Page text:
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'Neath the Hoof of the Tartar The Scourge of God   By: (1794-1865)

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First Page:

'NEATH THE HOOF OF THE TARTAR

[Illustration: Portrait of Jósika]

'Neath the Hoof of the Tartar

OR

THE SCOURGE OF GOD

BY BARON NICOLAS JÓSIKA

ABRIDGED FROM THE HUNGARIAN BY SELINA GAYE

WITH PREFACE BY R. NISBET BAIN

SANS PEUR ET SANS REPROCHE [Illustration] SECOND EDITION

And Photogravure Portrait of the Author

LONDON JARROLD & SONS, 10 & 11, WARWICK LANE, E.C.

[ All Rights Reserved ]

1904

CONTENTS.

CHAPTER PAGE INTRODUCTION 7 I. RUMOURS 15 II. GOOD NEWS OR BAD? 35 III. MASTER STEPHEN'S PAGE 50 IV. MISTAKE THE FIRST 69 V. AS THE KING WILLS 89 VI. MISTAKE THE SECOND 104 VII. AT THE VERY DOORS 120 VIII. THE BETTER PART OF VALOUR 133 IX. "I WASH MY HANDS" 146 X. LIBOR CLIMBS THE CUCUMBER TREE 167 XI. "NEXT TIME WE MEET" 181 XII. DEFENDING THE CASTLE 199 XIII. CAMP FIRES 216 XIV. A FATAL DAY 228 XV. DORA'S RESOLVE 240 XVI. THROUGH THE SNOW 253 XVII. A STAMPEDE 274 XVIII. AUNT ORSOLYA'S CAVERN 288 XIX. FATHER ROGER'S STORY 297 XX. LIKE THE PHOENIX 312

INTRODUCTION.

Baron Miklós Jósika, the Walter Scott of Hungary, was born at Torda, in Transylvania, on April 28th, 1796. While quite a child, he lost both his parents, and was brought up at the house and under the care of his grandmother, Anna Bornemissza, a descendant of Jókai's heroine of the same name in "'Midst the Wild Carpathians." Of the young nobleman's many instructors, the most remarkable seems to have been an emigré French Colonel, who gave him a liking for the literature of France, which was not without influence on his future development. After studying law for a time at Klausenberg to please his friends, he became a soldier to please himself, and in his seventeenth year accompanied the Savoy dragoon regiment to Italy. During the campaign of the Mincio in 1814, he so distinguished himself by his valour that he was created a first lieutenant on the field of battle, and was already a captain when he entered Paris with the allies in the following year. In 1818, at the very beginning of his career, he ruined his happiness by his unfortunate marriage with Elizabeth Kalláy. According to Jósika's biographer, Luiza Szaák,[1] young Jósika was inveigled into this union by a designing mother in law, and any chance of happiness the young couple might have had, if left to themselves, was speedily dashed by the interference of the father of the bride, who defended all his daughter's caprices against the much suffering husband. Even the coming of children could not cement this woeful wedding, which terminated in the practical separation of spouses who were never meant to be consorts.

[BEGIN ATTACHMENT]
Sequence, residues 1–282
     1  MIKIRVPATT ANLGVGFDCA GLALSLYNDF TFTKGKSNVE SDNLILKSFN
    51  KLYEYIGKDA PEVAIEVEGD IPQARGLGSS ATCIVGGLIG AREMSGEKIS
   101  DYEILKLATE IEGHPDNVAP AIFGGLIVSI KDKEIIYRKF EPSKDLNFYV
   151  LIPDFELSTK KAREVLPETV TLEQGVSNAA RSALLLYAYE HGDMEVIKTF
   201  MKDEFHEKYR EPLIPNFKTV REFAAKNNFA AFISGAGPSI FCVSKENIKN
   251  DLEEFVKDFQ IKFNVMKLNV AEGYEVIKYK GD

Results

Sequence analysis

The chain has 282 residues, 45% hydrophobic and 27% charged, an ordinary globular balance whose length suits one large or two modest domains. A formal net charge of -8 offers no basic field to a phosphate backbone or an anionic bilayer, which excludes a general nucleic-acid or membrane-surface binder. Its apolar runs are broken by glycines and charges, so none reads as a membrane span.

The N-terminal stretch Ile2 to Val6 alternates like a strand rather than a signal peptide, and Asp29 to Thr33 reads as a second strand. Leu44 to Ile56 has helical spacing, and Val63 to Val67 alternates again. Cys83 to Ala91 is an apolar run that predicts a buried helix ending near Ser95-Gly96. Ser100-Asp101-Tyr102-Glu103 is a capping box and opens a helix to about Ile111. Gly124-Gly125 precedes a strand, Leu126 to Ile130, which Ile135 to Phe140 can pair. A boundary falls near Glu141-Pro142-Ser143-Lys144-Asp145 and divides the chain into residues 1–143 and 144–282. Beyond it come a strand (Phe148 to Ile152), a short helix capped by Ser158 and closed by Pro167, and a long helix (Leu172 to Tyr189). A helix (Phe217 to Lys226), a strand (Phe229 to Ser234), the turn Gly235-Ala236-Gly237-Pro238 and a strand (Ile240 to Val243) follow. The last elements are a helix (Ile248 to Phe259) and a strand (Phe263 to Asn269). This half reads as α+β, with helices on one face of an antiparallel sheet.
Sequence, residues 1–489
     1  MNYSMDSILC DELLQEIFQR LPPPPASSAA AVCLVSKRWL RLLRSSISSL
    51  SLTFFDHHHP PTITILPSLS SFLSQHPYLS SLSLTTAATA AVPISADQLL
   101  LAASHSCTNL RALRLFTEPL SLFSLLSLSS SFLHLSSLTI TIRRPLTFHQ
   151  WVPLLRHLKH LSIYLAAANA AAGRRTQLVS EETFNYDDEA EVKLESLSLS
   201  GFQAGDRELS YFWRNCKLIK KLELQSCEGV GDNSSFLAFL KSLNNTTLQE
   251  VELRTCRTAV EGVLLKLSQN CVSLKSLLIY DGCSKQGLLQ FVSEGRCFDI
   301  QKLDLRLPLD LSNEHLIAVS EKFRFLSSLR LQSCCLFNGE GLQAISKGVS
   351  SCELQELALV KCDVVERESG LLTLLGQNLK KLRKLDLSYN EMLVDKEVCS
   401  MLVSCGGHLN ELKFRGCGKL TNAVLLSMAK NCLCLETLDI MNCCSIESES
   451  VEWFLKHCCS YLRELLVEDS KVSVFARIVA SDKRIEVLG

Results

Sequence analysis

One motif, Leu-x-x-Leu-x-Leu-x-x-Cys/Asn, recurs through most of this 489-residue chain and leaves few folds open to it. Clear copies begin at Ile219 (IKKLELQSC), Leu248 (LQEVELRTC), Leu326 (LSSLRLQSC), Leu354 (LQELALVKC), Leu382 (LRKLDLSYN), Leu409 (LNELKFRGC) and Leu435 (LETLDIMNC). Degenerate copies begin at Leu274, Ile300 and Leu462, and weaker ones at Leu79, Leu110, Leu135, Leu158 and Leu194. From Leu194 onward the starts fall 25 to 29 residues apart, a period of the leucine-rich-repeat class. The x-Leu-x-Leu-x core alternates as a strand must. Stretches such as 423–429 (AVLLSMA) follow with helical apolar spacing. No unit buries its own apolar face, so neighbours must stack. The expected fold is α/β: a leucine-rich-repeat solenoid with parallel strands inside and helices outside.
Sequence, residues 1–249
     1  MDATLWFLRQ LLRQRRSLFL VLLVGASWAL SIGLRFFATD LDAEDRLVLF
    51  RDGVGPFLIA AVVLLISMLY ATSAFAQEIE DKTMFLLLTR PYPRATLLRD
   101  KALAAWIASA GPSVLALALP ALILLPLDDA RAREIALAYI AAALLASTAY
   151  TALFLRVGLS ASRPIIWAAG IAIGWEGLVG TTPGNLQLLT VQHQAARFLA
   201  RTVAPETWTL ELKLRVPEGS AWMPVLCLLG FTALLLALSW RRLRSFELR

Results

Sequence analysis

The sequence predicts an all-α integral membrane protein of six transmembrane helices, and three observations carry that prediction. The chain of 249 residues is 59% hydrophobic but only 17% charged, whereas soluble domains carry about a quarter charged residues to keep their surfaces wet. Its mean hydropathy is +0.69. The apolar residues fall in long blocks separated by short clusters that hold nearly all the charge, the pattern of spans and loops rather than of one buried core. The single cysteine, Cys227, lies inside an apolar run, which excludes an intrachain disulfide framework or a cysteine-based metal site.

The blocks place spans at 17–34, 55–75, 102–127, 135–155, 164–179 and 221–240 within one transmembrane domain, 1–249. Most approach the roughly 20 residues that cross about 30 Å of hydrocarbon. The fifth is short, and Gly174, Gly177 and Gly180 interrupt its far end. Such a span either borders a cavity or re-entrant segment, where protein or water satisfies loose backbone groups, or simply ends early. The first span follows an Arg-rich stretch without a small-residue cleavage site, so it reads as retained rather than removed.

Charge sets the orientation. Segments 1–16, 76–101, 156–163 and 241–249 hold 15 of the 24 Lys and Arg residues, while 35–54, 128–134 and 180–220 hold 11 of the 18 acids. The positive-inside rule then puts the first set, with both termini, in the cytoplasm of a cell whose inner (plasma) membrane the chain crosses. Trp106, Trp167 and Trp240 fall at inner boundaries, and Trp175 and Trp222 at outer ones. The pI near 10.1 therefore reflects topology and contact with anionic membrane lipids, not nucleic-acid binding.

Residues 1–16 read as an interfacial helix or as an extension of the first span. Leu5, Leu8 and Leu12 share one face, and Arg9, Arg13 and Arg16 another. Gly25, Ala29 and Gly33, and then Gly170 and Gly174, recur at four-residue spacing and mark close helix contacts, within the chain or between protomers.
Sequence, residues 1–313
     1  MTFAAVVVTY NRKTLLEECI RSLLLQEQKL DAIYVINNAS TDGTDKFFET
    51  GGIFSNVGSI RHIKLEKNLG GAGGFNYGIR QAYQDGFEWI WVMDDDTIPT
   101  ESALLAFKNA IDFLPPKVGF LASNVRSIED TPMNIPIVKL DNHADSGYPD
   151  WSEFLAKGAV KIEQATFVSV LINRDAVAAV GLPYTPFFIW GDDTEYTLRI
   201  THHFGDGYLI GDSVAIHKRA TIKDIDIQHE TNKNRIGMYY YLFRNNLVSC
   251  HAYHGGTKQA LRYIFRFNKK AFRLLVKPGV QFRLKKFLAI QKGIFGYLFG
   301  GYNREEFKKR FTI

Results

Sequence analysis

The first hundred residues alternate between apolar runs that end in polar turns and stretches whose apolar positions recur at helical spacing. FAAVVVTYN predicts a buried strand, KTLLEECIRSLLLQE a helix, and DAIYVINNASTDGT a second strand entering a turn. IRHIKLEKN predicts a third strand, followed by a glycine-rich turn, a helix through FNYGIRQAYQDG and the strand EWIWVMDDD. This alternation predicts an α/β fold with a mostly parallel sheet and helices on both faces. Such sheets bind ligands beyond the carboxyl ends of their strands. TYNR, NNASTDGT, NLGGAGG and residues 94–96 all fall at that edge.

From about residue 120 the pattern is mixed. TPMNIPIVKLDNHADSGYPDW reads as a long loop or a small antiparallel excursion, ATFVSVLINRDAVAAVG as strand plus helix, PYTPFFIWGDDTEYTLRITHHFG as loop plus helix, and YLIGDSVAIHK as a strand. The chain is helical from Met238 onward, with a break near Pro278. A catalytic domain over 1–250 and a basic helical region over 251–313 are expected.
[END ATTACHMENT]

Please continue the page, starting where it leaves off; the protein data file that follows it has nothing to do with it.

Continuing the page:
[Footnote 1: Baró Jósika Miklós élete és munkai.]

Jósika further offended his noble kinsmen by devoting himself to literature. It may seem a paradox to say so, yet it is perfectly true, that in the early part of the present century, with some very few honourable exceptions, the upper classes in Hungary addressed only their servants in Hungarian. Latin was the official language of the Diet, while polite circles conversed in barbarous French... Continue reading book >>




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